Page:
October 12, 2012
1 min read

CDC recommends combined pneumococcal vaccine regimen

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The CDC recommends that adults aged 19 years and older who have immunocompromising conditions receive the 13-valent pneumococcal conjugate vaccine combined with the 23-valent pneumococcal polysaccharide vaccine.

This recommendation also applies to adults with functional or anatomic asplenia, cerebrospinal fluid leaks or cochlear implants, according to findings in the Morbidity and Mortality Weekly Report.

Adults with these conditions who have not yet received any pneumococcal vaccine should first receive a dose of PCV13 (Prevnar13, Wyeth), followed by a dose of 23-valent pneumococcal polysaccharide vaccine (PPSV23; Pneumovax 23, Merck) at least 8 weeks later. A second dose of PPSV23 is recommended 5 years after the first dose for those with functional or anatomic asplenia and for those with immunocompromising conditions.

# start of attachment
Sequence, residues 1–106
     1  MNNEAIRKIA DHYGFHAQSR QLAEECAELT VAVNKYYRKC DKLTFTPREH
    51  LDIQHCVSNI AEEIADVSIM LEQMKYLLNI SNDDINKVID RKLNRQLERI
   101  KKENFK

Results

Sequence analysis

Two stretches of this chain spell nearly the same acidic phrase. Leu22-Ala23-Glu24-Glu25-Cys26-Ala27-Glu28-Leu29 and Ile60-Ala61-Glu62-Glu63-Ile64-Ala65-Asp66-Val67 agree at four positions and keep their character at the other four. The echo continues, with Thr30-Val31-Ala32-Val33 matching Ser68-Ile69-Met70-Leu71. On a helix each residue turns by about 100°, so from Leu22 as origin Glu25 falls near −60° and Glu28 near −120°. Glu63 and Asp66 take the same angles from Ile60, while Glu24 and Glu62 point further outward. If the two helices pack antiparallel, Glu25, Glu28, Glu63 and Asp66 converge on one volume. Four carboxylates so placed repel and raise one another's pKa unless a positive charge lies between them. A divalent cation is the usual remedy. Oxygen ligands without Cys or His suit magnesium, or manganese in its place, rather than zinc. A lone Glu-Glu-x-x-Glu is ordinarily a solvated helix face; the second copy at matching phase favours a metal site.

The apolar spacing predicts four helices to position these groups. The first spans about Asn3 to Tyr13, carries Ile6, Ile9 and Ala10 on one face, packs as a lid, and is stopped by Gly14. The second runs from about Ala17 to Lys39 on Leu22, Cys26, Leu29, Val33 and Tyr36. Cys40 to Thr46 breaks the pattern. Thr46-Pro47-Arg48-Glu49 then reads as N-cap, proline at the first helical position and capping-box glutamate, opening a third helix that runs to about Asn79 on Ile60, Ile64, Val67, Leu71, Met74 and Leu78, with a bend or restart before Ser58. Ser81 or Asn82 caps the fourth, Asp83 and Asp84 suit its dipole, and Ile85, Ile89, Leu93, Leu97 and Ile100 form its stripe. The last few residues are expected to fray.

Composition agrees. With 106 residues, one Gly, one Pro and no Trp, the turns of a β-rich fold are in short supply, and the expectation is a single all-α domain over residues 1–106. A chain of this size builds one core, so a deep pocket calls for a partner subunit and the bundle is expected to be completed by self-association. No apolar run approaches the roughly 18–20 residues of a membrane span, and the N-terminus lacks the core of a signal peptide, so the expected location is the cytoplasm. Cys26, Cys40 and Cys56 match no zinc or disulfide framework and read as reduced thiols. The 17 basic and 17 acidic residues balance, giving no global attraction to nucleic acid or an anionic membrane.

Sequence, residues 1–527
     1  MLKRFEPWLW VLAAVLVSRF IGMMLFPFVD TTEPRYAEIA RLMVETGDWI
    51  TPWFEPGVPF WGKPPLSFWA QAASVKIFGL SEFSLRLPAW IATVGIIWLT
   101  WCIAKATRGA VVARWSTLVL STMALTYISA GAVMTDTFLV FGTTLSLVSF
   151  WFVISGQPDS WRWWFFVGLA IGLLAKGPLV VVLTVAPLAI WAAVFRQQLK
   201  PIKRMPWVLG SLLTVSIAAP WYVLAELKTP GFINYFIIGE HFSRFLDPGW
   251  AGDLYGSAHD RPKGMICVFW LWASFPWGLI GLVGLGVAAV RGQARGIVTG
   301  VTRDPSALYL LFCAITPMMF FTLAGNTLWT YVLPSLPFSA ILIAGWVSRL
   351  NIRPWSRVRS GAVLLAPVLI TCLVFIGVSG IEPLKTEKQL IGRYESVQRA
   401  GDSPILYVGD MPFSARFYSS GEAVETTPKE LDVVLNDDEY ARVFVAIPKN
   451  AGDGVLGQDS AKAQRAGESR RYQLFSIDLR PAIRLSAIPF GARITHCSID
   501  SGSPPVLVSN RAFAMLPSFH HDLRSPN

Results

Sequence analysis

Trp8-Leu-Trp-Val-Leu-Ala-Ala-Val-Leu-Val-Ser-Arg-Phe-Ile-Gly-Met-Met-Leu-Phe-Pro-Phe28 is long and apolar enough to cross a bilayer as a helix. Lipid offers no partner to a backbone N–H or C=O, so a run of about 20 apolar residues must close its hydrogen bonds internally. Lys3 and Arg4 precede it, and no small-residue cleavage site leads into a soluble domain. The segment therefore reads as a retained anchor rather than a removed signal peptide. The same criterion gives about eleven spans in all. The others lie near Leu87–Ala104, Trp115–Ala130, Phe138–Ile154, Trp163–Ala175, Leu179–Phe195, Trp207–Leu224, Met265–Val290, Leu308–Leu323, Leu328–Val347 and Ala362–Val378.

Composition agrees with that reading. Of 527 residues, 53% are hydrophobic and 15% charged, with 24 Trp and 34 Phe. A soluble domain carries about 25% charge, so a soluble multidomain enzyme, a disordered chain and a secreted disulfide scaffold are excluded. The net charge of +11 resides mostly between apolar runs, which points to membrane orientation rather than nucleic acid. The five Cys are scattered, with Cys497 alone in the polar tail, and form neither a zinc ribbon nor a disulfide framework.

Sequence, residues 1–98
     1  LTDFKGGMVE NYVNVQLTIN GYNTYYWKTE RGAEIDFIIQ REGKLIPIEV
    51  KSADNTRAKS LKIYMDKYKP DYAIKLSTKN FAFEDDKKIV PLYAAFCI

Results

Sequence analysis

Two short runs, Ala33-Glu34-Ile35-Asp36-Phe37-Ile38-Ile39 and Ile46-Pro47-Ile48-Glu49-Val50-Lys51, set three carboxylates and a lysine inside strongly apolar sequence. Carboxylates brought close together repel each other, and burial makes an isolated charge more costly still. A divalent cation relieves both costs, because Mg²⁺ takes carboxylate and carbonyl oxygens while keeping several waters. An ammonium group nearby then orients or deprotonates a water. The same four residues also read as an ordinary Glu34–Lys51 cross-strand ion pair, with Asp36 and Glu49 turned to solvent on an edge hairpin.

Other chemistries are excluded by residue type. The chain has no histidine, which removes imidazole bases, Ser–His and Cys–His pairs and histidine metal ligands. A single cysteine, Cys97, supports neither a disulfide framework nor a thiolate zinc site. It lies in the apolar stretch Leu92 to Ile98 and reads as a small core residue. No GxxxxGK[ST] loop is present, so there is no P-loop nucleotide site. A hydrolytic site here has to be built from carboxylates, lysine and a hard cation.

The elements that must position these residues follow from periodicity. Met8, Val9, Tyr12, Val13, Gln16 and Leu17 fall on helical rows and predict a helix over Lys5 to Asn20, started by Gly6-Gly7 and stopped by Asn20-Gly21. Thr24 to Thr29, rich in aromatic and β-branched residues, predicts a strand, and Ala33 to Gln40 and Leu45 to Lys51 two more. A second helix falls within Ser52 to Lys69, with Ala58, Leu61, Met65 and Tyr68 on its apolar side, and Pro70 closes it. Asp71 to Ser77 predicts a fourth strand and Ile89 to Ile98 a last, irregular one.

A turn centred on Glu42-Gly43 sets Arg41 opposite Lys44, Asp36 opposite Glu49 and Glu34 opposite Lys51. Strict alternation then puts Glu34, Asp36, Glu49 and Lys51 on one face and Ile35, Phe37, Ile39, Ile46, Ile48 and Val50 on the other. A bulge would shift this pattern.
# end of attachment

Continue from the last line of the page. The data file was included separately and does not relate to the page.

PCV13 was licensed by the FDA for adults aged at least 50 years for the prevention of pneumonia and invasive pneumococcal disease based on immunogenicity studies that showed similar or better antibody response than PPSV23. Previously, the PPSV23 vaccine was the only pneumococcal vaccine recommended for adults aged at least 65 years and for high-risk adults aged 19 to 64 years.

“Although conflicting evidence regarding PPSV23 efficacy in HIV-infected adults has been published, the GRADE evaluation reviewed by the [Advisory Committee on Immunization Practices] concluded that potential benefits from PPSV23 use in this population outweigh any potential harms,” the CDC wrote. “Given the high burden of invasive pneumococcal disease caused by serotypes in PPSV23 but not in PCV13, broader protection might be provided through use of both pneumococcal vaccines.”

In a cost-effectiveness analysis in which those with HIV/AIDs and those requiring analysis received the newly recommended vaccine sequence, a cost savings of $7.6 million was achieved. The vaccination program added 1,360 quality-adjusted life years and prevented 57 cases of invasive pneumococcal disease, according to the MMWR report.

Disclosure: The authors report no relevant financial disclosures.